Exploring the fine line between Jewish and pagan. A socio-contextual study of the House of Dionysos, Sepphoris
The House of Dionysos is probably the most salient example of private architecture that has been uncovered in Sepphoris (northern Israel) so far; it is a symbol of the settlement’s cultural transformation during the second to third centuries AD. Earlier research focused extensively on understanding who may have lived in such a lavish peristyle house with a triclinium of which the mosaic floor depicts scenes from the life of Dionysos. Could the household have been Jewish, the Jews being the predominant population group in Sepphoris at that time? This article aims to contribute to this debate by examining the House of Dionysos as a social space within the wider context of peristyle housing in the Roman Empire. By concentrating on the architectural differences especially, this article ultimately argues that the house should be understood as arising from a local development. The owners of the House of Dionysos seem to have borrowed and adapted the cultural concept of peristyle housing, with all its physical elements, according to their particular understanding of the house as an introverted social space. Consequently, these most probably Jewish occupants seem to have been competent in both cultural traditions from which they draw upon in the construction of this house. Put differently, both local Jewish and Roman norms and values were understood and respected.
Remains of a Jewish household in Perea?
The results of the first excavation season at Tell Abu Sarbut
Resistance against globalization and hellenization was powerful among some Jewish communities during the first centuries BC and AD. This found its expression in the material culture, such as the rejection of decorated table vessels, Italian-style cooking pans and foreign modes of dining. Instead, locally made cooking vessels, undecorated lamps and certain chalk stone vessels were used as markers of ethnic solidarity and, perhaps, religious attitudes. This `household Judaism’ (Berlin 2005) has been documented widely in the areas of Judaea, Galilee and Gaulanitis; the traditional Jewish regions west of the river Jordan.
Another region with many Jewish inhabitants, Perea across the Jordan, has as yet not yielded any of these traits. The renewed excavations of Tell Abu Sarbut in the eastern Jordan Valley may readily change this picture. What started as research into a local rural community from the third century AD, could now include the excavation of the remains of a Jewish community from the first centuries BC-AD.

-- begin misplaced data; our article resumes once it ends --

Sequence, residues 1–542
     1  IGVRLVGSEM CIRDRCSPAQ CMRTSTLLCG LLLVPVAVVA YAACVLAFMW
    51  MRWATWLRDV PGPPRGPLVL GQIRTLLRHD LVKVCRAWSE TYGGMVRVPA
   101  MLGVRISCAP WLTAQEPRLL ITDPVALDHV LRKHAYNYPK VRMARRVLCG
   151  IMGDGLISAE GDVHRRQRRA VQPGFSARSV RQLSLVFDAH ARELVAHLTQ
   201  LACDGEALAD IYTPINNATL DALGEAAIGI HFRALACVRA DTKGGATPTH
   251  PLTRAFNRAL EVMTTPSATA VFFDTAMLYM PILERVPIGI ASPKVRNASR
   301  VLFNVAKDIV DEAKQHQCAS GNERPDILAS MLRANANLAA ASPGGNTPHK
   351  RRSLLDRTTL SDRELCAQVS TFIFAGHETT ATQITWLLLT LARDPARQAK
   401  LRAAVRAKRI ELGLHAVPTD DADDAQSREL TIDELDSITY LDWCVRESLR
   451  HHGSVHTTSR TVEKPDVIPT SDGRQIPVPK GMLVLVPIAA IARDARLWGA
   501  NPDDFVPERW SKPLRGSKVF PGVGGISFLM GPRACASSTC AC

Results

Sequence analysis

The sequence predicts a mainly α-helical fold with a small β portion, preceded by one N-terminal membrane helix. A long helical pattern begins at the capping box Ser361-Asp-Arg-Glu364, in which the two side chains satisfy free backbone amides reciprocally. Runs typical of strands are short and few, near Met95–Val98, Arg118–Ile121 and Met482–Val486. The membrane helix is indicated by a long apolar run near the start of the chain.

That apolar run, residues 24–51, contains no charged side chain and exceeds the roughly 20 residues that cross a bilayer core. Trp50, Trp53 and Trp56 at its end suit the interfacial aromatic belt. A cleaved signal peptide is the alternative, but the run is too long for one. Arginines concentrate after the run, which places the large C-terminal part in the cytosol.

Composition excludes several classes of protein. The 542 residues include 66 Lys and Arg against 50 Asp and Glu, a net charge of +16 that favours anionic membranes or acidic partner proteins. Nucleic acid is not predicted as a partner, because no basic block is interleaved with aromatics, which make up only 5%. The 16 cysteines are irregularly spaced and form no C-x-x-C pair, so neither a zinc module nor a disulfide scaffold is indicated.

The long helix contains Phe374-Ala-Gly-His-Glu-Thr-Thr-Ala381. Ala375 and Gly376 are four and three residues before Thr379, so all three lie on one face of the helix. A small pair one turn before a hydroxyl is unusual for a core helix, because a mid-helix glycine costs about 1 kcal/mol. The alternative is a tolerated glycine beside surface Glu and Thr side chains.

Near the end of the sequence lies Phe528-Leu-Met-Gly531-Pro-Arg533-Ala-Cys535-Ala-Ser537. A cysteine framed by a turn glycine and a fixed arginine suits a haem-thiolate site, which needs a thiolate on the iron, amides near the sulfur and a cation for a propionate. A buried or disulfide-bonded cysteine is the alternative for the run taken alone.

The Udhruh lines of sight: connectivity in the hinterland of Petra
The region around Udhruh, in the hinterland of the Nabataean Capital Petra in southern Jordan, was actively exploited in antiquity with investments of great effort and ingenuity. In the 48 sq km research area around the town of Udhruh, best known for a Roman legionary fortress, a communication system consisting of eight watchtowers on territorial markers has been retrieved. This system was built in the Nabataean era for the protection and communicative control of the water management and field systems and the possible caravanserai of Udhruh. The microregion of Udhruh was through this signalling system not only connected with Petra, but also with its network along the trade routes. In the Roman period the Udhruh-region became part of a different globalised network through this connectivity: the Roman armies, although the security of the site and the agro-hydrological schemes remained important.
Colonia Augusta Achaica Patrensis, cemetery and identity in a Roman colony in Greece
Patras, a harbour town in the northwest Peloponnese, was colonized by Augustus in order to benefit from its strategic location for both communication with the West and to exert control over the region. When the colonists, who were veterans of the Roman army, arrived at Patras they found a city with a history of over 300 years. The established order was overthrown as the original inhabitants of Patras had to give up their lands and their rights in favour of the Roman immigrants, who were now landowning citizens of the colony. These major disruptions meant that social roles had to be redefined: the cemetery seems to have been the place to do so. This paper discusses how the various groups or individuals negotiated their social and cultural identity in the cemeteries of the newly founded colony.
Roman Palmyra: Identity, Community, and State Formation
The Cambridge Companion to the Roman Economy
The Archaeology of the Holy Land.
From the Destruction of Solomon’s Temple
to the Muslim Conquest
Stone and Dung, Oil and Spit.
Jewish Daily Life in the Time of Jesus
Petra: Wonder in de Woestijn. Tentoonstelling RMO Leiden
Kingdoms and Principalities in the Roman Near East
The Ancient Near East, a life! Festschrift Karel Van Lerberghe
Edge of Empire: Pagans, Jews, and Christians
at Roman Dura-Europos
introducties op lopend onderzoek
Urban landscape history of a Roman rione
Onderzoeksproject (KNIR, SSBAR), Gert-Jan Burgers
en Renato Sebastiani (projectleiders)
‘Building tabernae’: How commercial investment changed
the cities of Roman Italy (200 BCE – 300 CE)
Postdoc onderzoek (NWO), Miko Flohr
The City Anatomy: Spatial Dimensions of Urban Societies.
Reconceptualising the Ancient Urban Cityscape in
Bronze Age Central Syria
PhD-project (UvA), Matteo Merlino
Mapping the Via Appia
Onderzoeksproject (NWO, KNIR, VU, RU),
Stephan Mols, Eric Moormann en Jeremia Pelgrom
Landscapes of Early Roman Colonization:
Non-urban settlement organization and Roman expansion
in the Roman Republic (4th-1st centuries BC)
Research project (NWO), Tesse Stek and Jeremia Pelgrom